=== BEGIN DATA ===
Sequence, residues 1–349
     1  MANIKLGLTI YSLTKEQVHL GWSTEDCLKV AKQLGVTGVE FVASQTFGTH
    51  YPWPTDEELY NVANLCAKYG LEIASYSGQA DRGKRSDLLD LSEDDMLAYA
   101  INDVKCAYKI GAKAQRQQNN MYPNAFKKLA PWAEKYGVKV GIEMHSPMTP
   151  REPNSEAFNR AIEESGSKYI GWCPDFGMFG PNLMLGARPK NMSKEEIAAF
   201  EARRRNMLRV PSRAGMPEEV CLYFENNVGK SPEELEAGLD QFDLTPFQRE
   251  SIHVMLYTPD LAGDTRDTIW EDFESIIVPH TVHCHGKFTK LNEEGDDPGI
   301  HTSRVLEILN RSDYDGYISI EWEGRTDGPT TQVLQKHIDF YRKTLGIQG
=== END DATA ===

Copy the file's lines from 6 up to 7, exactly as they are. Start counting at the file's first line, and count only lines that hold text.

   201  EARRRNMLRV PSRAGMPEEV CLYFENNVGK SPEELEAGLD QFDLTPFQRE
   251  SIHVMLYTPD LAGDTRDTIW EDFESIIVPH TVHCHGKFTK LNEEGDDPGI